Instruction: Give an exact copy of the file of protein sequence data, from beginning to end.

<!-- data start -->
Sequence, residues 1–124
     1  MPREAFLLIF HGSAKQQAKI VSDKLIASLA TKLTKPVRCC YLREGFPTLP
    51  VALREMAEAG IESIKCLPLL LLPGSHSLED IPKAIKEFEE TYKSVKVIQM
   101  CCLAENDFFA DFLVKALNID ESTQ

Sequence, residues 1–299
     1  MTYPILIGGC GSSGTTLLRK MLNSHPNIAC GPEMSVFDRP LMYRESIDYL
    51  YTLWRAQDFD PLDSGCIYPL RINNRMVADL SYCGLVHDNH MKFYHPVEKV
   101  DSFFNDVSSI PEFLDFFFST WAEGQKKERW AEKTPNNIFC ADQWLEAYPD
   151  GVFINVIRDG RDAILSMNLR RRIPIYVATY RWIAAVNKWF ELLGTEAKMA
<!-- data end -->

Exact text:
Sequence, residues 1–124
     1  MPREAFLLIF HGSAKQQAKI VSDKLIASLA TKLTKPVRCC YLREGFPTLP
    51  VALREMAEAG IESIKCLPLL LLPGSHSLED IPKAIKEFEE TYKSVKVIQM
   101  CCLAENDFFA DFLVKALNID ESTQ

Sequence, residues 1–299
     1  MTYPILIGGC GSSGTTLLRK MLNSHPNIAC GPEMSVFDRP LMYRESIDYL
    51  YTLWRAQDFD PLDSGCIYPL RINNRMVADL SYCGLVHDNH MKFYHPVEKV
   101  DSFFNDVSSI PEFLDFFFST WAEGQKKERW AEKTPNNIFC ADQWLEAYPD
   151  GVFINVIRDG RDAILSMNLR RRIPIYVATY RWIAAVNKWF ELLGTEAKMA